Mining digitisation a game changer



The new digital database of mining claims and other information will be a game changer as it will plug leakages and mining disputes that have been witnessed in the mining industry over the years, the permanent secretary for the Ministry of Mines and Mining Development, Pfungwa Kunaka (pictured) has said.

The digital database, mining cadastre, will replace the current manual filing system.

Government rolled out a pilot project in Manicaland Province. Kunaka said the government will roll out the system to other provinces as soon as the Mines and Minerals  Amendment Bill is passed into law.

“In our new bill the new law is dealing  with what we call mining cadastre. The mining cadastre is a programme where the government will use computers to get information about a certain mining company at a given time. This will help in the registration process and application for licenses to avoid any problems.

“It will let us know what the place is like. We already have the system in place. What’s left is to launch it .This will help us decrease the disputes in the country in regards to mining activities, “he said.

A cadastre system refers to a computer-based and up-to-date land information system containing a record of interests in land such as owners’ rights, restrictions and responsibilities.

Earlier this month, the parliamentary portfolio committee on Mines and Mining Development conducted public hearings on the Mines and Mining Amendment Bill.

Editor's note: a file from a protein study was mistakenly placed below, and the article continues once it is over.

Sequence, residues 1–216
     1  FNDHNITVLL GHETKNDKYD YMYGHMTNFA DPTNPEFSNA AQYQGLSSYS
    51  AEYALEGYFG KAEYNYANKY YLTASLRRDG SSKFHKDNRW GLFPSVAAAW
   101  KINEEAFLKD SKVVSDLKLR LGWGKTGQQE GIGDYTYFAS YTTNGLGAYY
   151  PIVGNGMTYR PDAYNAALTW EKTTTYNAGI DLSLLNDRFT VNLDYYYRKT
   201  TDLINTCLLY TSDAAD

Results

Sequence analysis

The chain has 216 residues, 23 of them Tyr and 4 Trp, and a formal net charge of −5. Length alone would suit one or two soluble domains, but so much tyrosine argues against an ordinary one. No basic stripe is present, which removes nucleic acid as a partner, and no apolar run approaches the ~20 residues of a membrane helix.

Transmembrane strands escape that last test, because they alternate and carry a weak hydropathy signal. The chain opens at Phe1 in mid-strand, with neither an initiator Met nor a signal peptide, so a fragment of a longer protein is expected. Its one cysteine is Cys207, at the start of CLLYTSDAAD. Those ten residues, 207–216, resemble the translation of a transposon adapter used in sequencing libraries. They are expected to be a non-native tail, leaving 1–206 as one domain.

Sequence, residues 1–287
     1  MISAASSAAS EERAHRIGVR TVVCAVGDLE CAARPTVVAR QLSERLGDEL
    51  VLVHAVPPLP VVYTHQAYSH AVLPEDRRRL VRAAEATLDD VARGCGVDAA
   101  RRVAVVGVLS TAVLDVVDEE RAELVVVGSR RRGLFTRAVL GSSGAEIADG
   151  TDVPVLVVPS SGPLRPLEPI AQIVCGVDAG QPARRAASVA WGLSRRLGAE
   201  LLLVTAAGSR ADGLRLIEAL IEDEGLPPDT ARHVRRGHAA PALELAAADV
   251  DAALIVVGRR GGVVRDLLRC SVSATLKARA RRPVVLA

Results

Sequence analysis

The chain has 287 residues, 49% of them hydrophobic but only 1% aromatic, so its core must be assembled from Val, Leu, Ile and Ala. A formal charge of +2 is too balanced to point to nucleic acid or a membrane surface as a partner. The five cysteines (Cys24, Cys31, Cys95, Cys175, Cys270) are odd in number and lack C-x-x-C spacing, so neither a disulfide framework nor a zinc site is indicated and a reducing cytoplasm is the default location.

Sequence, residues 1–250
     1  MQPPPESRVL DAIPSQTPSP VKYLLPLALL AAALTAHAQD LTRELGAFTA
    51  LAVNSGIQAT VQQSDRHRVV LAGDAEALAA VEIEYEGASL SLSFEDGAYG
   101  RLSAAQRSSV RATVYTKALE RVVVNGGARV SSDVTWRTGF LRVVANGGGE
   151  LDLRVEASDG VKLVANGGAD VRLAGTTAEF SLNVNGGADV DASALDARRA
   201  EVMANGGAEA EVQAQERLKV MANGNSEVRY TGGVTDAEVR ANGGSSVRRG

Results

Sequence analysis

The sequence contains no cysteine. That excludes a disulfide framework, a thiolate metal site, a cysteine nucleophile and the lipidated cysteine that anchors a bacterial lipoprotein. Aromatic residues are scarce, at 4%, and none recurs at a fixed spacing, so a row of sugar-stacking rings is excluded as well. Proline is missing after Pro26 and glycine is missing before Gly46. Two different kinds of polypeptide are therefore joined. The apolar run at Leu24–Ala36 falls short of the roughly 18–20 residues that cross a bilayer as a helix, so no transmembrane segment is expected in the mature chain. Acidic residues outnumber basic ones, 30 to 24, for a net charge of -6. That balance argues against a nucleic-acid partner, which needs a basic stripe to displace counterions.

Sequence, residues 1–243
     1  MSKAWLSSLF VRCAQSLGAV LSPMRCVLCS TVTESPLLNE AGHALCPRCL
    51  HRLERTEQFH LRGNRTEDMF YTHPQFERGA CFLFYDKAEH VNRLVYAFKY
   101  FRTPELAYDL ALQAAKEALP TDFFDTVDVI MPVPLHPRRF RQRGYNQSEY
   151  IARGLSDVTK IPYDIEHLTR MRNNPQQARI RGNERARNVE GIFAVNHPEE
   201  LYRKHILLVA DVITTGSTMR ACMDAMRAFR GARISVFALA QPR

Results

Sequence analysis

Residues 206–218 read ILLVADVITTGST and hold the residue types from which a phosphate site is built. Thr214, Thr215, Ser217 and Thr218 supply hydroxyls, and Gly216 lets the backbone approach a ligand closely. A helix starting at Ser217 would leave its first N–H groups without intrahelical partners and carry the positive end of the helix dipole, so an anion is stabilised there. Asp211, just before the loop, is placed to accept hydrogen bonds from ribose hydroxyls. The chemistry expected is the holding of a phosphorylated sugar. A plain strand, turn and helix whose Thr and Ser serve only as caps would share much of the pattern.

The Bill, which was gazetted in February this year seeks to reconstitute the composition of the Mining Affairs Board and clarify its functions, establish the mining cadastre register and registry, and reduce the classes of mining titles to three only as well as regulate the activities of prospectors, among other issues.

Meanwhile, miners and farmers in the Matabeleland region say the Bill being reviewed should resolve conflicts between the two parties and address issues of land inheritance which are prevalent in communities.

Jane Lusinga, a small-scale miner, said the farmer-miner conflicts were increasing as they both were  fighting for land.

“May the government not allocate resettled people places to stay on mining land. There have been a lot of disputes in this regard. When we engage them explaining that they have settled on mining land they say that is where they were allocated, yet they are the same people who will wake up mining again in the same area tomorrow, “she said.

A farmer, Liberty Mlambo, said mining activities were causing land degradation in different areas.

“If farmers are allowed to mine minerals found in their farming spaces, they would implement processes that will cater for both mining and farming. But, when a miner, who has no appreciation for farming comes through, they will only do what benefits them.”

According to Zimbabwe’s Mines and Minerals Act, miners are supposed to cover any pits they dig .If they do not, they could face a fine and up to a year in prison.

The miners further proposed that the ministry must allocate mining fees according to mine sizes instead of having blanket fees that are beyond the reach of many.

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